By Phoenix of Elder Mountain ( To go to Part 1 ) – Animism and my Shaman dreaming ritual continued from part one: Zack is in High School and does drugs weekly, and because of that, he was weak in the dream and had lost power and if he continues this behavior in his waking life, by 30 he will have no more connection to his animism soul for the rest of his life. Jina is his best friend and that is why she showed up in his dream.
Zack of course has a “undeveloped” shamanic wolf soul that is still pure, but now with someones demon shadow interfering, that shadow wants to possess that part of Zack soul (his wolf) and once that happens, there is no longer any soul wolf that belongs to Zack this lifetime or future lifetimes. He would become a werewolf by his own behavior and his continued choices of being with drug, pot and vape users.
If and when that happens if he doesn’t get sober, then he gains power of his shadow wolf (werewolf) and its demonic power and being so young, he won’t know the difference between good and evil, because the werewolf will entrap and control him in the dream realms that effects him and his relationships in this waking world. This is when a shaman like myself comes to put the werewolf “down in the underworld” in the dreamtime.
Zack has no power to fight any shadow off or any werewolf off, regardless of what you hear out in the world, no one can fight “real” demons until they have earned their second level soul animal or bird and can shape shift into it without any human soul interfering. That is what fights real demons. Basically, Zack is about to loose his birth rite wolf, if he doesn’t stop doing drugs and I don’t find out who the werewolf is. In almost all cases, its someone in the family because wolf rules the archetypal structure of family.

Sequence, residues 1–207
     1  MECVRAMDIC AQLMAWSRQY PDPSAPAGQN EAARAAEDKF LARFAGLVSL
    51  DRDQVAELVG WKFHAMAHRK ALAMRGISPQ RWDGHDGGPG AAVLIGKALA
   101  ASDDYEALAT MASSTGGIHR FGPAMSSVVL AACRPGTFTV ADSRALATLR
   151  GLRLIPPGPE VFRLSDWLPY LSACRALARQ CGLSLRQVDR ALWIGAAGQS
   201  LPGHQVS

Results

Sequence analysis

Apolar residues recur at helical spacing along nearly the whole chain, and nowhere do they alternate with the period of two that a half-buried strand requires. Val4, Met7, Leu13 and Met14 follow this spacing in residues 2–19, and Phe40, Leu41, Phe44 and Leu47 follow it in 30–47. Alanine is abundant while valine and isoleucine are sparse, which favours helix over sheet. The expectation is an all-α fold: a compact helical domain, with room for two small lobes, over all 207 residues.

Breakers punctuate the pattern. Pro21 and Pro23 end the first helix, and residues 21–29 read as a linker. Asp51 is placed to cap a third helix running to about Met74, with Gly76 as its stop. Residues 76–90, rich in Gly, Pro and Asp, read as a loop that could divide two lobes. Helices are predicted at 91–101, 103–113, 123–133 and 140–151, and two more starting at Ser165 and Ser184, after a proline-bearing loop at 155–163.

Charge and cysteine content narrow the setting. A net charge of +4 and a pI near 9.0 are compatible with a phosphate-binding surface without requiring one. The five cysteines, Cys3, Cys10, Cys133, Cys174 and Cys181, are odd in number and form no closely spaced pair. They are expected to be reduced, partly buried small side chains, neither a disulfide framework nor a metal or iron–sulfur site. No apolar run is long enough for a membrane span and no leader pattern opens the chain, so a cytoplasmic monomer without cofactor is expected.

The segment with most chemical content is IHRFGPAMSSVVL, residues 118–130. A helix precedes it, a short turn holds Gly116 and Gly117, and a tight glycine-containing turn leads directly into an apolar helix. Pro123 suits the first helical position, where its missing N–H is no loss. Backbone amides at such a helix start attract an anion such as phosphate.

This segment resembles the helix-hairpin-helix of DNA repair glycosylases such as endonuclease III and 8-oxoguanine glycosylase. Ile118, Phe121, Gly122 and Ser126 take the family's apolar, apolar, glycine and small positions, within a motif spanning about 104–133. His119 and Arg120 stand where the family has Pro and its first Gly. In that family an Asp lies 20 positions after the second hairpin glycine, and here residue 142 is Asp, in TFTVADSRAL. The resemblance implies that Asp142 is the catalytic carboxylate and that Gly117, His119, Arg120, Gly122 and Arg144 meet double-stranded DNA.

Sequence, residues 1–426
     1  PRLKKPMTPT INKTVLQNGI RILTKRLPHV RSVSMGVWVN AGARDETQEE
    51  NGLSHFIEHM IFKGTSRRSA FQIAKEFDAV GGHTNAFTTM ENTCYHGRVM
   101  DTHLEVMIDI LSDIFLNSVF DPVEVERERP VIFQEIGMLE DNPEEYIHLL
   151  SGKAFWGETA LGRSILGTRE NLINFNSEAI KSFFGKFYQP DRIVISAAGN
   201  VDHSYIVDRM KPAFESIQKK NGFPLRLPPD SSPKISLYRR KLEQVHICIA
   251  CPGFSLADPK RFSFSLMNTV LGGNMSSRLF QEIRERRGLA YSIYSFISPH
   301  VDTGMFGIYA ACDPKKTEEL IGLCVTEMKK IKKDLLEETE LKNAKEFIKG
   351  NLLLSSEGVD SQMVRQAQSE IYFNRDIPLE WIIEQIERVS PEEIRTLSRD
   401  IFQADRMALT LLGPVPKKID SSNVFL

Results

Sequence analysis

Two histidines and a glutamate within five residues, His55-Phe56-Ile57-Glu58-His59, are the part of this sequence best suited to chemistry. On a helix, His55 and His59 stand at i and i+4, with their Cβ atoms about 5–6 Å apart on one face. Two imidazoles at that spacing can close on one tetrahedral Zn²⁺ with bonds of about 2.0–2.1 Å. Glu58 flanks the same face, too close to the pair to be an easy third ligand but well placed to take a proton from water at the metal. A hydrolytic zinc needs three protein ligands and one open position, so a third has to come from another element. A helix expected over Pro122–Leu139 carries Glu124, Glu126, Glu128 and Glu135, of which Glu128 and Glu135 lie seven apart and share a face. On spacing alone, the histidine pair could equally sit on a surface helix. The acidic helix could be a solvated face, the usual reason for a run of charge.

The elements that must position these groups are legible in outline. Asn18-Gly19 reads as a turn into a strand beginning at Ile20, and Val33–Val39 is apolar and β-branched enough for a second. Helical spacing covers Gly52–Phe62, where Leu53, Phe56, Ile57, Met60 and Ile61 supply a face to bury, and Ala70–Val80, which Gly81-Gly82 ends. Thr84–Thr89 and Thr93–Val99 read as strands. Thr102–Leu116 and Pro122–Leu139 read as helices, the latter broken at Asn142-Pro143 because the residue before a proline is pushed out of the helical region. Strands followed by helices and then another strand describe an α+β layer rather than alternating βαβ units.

My work as a dream walker (because that is the only place you will be able to slay any folklore or mythological creature, demon etc) of Zack and his father George which was the next development… I completed this work recently (a few weeks after Zack coming to the near loss of his wolf soul) and I could do all the work in my dreams now that my 40 years of initiations as a death shaman (black shaman in Siberian terms) was completed. Zack’s father George, had a shadow past life demon who I called Juke, which I was following in the dreams over three nights to get more information.
Juke was gaining more and more power over George and George was encouraging his son Zack to do drugs, and stay out all night and party and it was getting worse and Zack was getting weaker and starting to lose part of his soul because of Juke. He was also skipping school this past year and making it impossible for Jina to have him in her space.
The werewolf of George, was still in a prison (not free to roam here or Zack’s dream space) because Juke the human demon of George had not possessed Zack yet, but was getting very close and just across the threshold ready to come over and the transformation of loss was going to occur. Shadows cannot roam here, they are bound to the underworld but addictions lets them out of the underworld and then they roam in the persons dream space, close to this side of the veil.
Kids and teens are not trained, parents don’t believe and then it all becomes lost or the child is put on medication or even worse, the teen or young adult starts self medicating with pot, alcohol or shamanic drugs which then creates chaos eventually.
I went into the dreaming again on the forth night, and slayed the demon Juke (Zack’s fathers human demon from his past life) and sent it back to the underworld. Both father and son were freed and their behaviors will improve immediately. The father pushed away some of the dark people he had put in his son’s life – and the son began a friendship of respect with Jina within two weeks.